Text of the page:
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Edward Weston "Pepper #35 p" 1930
[Celebrating The Negative]
1930 (original image) 2008 (publication)
Gelatin silver print
Center for Creative Photography, University of Arizona, Tucson
Hands: Dianne Nilsen, 5.15.92
A week after his friend Sonya Noskowiak brought Edward Weston a pepper from the market in Carmel, California, Weston wrote in his diary that it was beginning "to show the strain and tonight should grace a salad."
He changed his dinner menu, however, and next day put the pepper inside a tin funnel to take its picture.
"I have a great negative by far the best," he wrote after developing his film, adding that the picture had no "psychological attributes, no human emotions are aroused." This was an important point. Friends felt his photographs of vegetables were sexually suggestive, and their comments had annoyed the photographer.
Weston developed several negatives that day, so it is impossible to know for certain which one he thought was the best. He made 25 prints of negative #30, but it is so blindingly anthropomorphic that it can't be the one. Not that it matters. As curator Dianne Nilsen pulled negative #35p (13 prints) from its envelope, I saw that light had arranged particles of silver on its surface with such beauty that it took my breath away.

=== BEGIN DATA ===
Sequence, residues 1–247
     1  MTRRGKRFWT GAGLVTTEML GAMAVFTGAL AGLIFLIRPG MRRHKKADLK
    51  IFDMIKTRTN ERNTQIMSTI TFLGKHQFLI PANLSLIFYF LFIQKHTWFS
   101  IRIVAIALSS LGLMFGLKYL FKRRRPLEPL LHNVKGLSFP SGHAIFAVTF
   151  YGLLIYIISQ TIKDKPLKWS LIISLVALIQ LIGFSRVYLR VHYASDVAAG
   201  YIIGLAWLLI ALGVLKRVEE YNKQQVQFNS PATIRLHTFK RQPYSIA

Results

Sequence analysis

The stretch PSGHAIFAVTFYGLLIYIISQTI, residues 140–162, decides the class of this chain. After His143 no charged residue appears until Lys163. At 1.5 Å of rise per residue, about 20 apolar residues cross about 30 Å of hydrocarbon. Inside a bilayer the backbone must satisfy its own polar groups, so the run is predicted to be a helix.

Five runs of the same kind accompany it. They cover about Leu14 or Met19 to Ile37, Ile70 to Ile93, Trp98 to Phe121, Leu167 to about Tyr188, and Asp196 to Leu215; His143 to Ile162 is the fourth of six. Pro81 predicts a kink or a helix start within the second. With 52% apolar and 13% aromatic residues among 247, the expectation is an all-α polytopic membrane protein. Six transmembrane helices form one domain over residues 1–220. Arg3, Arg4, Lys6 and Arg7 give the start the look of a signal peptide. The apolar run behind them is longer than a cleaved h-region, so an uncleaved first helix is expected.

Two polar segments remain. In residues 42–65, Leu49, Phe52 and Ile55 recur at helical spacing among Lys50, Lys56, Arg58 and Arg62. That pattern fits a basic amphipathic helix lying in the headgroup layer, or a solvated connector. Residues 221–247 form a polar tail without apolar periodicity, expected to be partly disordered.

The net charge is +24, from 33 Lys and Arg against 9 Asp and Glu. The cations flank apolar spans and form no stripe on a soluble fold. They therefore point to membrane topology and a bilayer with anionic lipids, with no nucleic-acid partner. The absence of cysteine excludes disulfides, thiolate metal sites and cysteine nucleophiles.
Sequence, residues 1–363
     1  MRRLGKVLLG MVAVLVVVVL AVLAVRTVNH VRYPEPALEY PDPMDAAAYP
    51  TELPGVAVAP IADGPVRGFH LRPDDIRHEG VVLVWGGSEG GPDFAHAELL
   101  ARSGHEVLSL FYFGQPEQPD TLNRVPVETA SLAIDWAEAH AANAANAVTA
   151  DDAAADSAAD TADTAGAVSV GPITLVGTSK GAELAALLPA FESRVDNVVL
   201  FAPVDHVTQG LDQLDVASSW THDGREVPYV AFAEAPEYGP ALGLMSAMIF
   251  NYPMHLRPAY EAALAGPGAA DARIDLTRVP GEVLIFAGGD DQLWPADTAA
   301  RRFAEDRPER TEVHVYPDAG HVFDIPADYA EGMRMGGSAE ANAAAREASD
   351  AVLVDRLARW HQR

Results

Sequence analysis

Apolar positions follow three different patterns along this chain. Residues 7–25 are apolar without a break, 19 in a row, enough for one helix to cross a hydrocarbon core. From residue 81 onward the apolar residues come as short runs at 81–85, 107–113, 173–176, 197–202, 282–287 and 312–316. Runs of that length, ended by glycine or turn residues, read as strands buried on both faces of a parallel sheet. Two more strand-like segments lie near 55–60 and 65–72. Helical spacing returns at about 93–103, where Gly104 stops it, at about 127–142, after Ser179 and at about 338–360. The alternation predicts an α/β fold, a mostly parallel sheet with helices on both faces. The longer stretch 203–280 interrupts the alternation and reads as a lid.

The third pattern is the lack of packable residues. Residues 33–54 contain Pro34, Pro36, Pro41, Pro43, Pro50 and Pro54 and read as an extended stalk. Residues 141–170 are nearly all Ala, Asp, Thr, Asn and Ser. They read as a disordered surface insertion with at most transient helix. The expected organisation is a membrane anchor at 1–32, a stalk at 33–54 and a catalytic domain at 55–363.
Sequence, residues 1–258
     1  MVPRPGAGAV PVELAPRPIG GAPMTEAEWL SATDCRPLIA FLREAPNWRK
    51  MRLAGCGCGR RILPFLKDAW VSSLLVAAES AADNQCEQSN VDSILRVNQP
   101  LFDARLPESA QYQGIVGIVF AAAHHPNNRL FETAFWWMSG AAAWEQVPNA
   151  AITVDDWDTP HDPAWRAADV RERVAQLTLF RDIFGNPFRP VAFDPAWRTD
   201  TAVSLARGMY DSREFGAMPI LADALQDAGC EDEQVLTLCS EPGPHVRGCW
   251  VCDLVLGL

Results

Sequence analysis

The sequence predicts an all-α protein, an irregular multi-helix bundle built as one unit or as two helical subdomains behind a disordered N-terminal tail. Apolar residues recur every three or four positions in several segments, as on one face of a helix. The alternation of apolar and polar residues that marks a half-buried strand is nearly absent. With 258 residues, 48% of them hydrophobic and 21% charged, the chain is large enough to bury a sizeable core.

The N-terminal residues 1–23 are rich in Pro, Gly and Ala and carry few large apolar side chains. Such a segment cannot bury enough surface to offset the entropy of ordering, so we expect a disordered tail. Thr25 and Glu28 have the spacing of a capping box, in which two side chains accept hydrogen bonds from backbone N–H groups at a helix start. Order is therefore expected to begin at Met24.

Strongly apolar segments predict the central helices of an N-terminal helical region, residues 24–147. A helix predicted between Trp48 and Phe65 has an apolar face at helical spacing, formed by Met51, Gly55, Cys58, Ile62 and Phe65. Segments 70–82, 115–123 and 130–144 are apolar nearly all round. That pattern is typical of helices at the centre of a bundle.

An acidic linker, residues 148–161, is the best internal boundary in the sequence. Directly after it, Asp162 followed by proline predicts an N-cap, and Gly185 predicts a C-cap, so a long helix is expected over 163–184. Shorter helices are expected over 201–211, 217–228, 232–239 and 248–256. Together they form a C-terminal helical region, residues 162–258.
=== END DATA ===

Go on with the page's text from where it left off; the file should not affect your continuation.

"It has been suggested that I am a cannibal to eat my models after a masterpiece," Weston wrote that week. "But I rather like the idea that they become part of me, enriching my blood as well as my vision."
This photograph is included in the portfolio Celebrating the Negative photographs by published by John Loengard, Etherton Gallery (2008), pl. 7
All photographs copyright ® John Loengard. Gelatin silver prints printed by Chuck Kelton, Kelton Labs, New York City, under the direct supervision of John Loengard. Printed on Ilford Multigrade Warm Glossy paper. Design and portfolio box construction by Jace Graf, Cloverleaf Studio, Austin, Texas.
Celebrating The Negative/Photographs by John Loengard was published by Etherton Gallery, Tucson, Arizona, in March, 2008, in an edition of eighteen portfolios, including fifteen numbered copies and three artist's proofs.